Friday, September 9, 2011

Dinner at Jenni's


This week's guest blog comes from Nicole, who reflects on a recent visit to a community member's home for dinner:

All of us here in Ecuador are quickly learning that nothing is ever going to be quite
as it seems, exactly as you plan, or as any preconceived ideas predict. Sometimes
this unpredictability turns out to be something awesome, and sometimes not
so awesome (stay tuned for an example of the former), but it’s teaching all of us
patience. And to just go with the flow.

This past Sunday we were all asked to dinner by Jenni, a lady whose family attends
classes at our Centro. Everyone was really up for going, but given the fact that it
was our day “off” and we also wanted and needed some down time, we hoped and
planned on going for 2 hours, no más. We left our house a little after 4 to meet them
in Amaguaña and take a camioñeta (new favorite form of transportation) to their
house where we met the family, dogs, ducks, and guinea pigs that may or may not
have been the ones they ate for dinner later.

The visit then really kicked off with what turned out to be a two and a half hour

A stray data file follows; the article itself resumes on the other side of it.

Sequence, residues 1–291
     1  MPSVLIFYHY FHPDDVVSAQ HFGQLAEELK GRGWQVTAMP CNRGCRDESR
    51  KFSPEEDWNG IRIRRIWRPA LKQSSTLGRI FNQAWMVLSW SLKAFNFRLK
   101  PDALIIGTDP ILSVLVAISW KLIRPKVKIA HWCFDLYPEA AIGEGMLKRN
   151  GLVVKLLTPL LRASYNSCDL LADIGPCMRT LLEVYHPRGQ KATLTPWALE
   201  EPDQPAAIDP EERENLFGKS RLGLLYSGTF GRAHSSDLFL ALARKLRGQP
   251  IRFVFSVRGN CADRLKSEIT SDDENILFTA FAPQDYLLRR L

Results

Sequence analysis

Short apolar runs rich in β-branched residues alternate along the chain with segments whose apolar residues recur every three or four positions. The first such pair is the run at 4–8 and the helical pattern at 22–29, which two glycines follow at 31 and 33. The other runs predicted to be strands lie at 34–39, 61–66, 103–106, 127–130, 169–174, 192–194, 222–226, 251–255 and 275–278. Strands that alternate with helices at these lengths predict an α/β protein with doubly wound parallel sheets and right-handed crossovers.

walk around Amaguaña – one of the prettiest suburbs of Quito I’ve seen so far.
We spent the evening meeting even more extended family as we traipsed through
their farms and gardens, drank fresh spring water, took lots of pictures, and spoke
lots of Spanish. By the end of our impromptu tour, we were all convinced that
the Manna house should relocate to Amaguaña (still working on the logistics of
this!). My favorite part of the evening was meeting Jenni’s grandmother and 100-
year old grandfather – both very Quechua. They were so welcoming to a large
group of Gringos taking over their kitchen and spoke to us in Quechua, which I had
never heard before save for a few words and phrases that have been passed down
into modern Ecuadorian Spanish. Being able to walk around the town with local
residents and hear stories about the history of Amaguaña, who the people are, and
how things have changed, among other stories, definitely made this tour the best of
any I’ve been on so far.

We returned to the house and finally sat down to dinner at 7. In no time, our “2 hour
visit” turned into a 5-hour experience, but, despite any amount of yawns, one that
none of us would have traded for a little r&r.



Guinea pig... its what's for dinner


1 comment:

Craig said...

This great! Really taking the time to get into the community and showing an interest in people's lives and families is the best way to build relationships that will allow you to really work together to build the community as the community members want it to be built. Keep it up!

By the way, in Ecuador they speak Quichua (or Kichwa); Quechua is spoken in Peru. Actually, that isn't even really true as Kichwa is dying out in Ecuador and you are very lucky to have had the opportunity to spend time with some native speakers.